IN what has now become an annual event workers of the Swakopmund Municipality staged a peaceful march through the streets of the coastal town to hand a petition to the top management of the local authority in which they demand that their salaries should be increased.
During November last year the workers took the exact same action to demand that negotiations with the Namibia Public Workers Union and the Town Council commence. During February this year the increment was approved.
During the latest demonstration the workers claimed that they started early with their demand to avoid a repeat of the process of 2018. They demanded that salary negotiations for the 2019/2020 financial year must commence as soon as possible.
At the end of the march one of the workers, Maxine Bussel read the demands in the workers’ petition in the municipal parking lot and said employees have been asking the Town Council since March this year to start with the wage negotiations.
“The workers cannot wait any longer. We do not want a repeat of last year when workers only got their backdated salary at the beginning of this year.”
Bussel said employees requested meetings in terms of the recognition agreement with the Namibia Public Workers Union to engage in salary negotiations. She claimed that the Town Council seems unwilling to do so and stated that the actions of their employer is in direct violation of the constitution, the Labour Act, the recognition agreement and council’s own policies.
In their petition the workers also claimed that the report compiled by an outside consultant to assess the remuneration of municipal workers at a cost of N$345 000 is not worth the paper on which it was printed.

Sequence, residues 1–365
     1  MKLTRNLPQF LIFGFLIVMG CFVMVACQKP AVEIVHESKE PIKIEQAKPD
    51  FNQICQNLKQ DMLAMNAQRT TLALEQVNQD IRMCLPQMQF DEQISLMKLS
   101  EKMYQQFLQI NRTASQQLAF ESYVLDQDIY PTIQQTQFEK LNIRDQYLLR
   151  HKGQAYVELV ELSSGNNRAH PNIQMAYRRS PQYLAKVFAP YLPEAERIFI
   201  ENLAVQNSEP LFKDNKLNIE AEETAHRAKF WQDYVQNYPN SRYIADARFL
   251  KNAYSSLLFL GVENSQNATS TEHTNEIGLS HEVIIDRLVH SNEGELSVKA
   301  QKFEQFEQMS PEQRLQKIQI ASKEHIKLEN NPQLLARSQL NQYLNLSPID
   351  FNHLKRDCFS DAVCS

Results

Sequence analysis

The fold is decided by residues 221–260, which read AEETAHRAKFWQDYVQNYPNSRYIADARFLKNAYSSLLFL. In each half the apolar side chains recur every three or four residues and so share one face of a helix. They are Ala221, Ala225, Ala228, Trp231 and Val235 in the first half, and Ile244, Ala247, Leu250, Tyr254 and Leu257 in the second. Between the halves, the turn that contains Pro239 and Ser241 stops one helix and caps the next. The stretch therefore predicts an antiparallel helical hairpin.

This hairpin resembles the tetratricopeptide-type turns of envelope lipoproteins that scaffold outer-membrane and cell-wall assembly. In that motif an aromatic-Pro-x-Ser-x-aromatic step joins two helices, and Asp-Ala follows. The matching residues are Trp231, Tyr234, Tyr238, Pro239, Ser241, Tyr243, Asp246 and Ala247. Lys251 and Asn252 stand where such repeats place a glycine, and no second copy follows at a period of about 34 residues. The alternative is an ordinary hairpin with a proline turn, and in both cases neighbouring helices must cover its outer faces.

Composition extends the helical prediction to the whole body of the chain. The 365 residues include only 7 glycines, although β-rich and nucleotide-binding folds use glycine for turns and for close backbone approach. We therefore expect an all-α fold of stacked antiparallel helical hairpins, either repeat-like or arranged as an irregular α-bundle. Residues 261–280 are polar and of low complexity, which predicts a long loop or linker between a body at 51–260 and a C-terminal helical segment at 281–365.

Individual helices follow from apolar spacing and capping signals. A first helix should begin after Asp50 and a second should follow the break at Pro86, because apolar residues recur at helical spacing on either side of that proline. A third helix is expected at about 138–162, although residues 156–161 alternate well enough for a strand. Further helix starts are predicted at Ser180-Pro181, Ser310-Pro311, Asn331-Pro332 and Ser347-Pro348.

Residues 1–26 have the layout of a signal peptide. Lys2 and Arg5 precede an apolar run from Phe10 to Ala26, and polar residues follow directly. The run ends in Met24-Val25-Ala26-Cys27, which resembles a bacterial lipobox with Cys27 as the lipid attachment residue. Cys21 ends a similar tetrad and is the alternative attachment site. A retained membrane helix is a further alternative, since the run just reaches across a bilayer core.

“This is wasteful expenditure and the Town Council acted in an unethical way when they approved the report that was marred by schoolboy mistakes.”
According to the petition the report claims that A1 Band employees get an annual salary of N$83 000, which is a blatant lie.
“We know that our colleagues in A1 Band only get an annual salary of N$64 000. According to the report the municipal wage bill is 53 percent of local authority’s total income. The same report fails to mention and is conspicuously silent on the fact that the 16 management employees take the lion’s share of that wage bill.”
The inequitable salary structure according to workers is the main bone of contention as employees at the lower and middle income structures of the municipality.
In response to the claims of the workers the Chief Executive Officer of the Swakopmund Town Council, Archie Benjamin accused the workers of not complying with the recognition agreement reached between the workers union and the management of the local authority and therefore negations will not be able to commence.
He said the employees did not appoint new Workplace Union Representative Committee member in the place of people that has not been in the employ of the municipality for quite some time.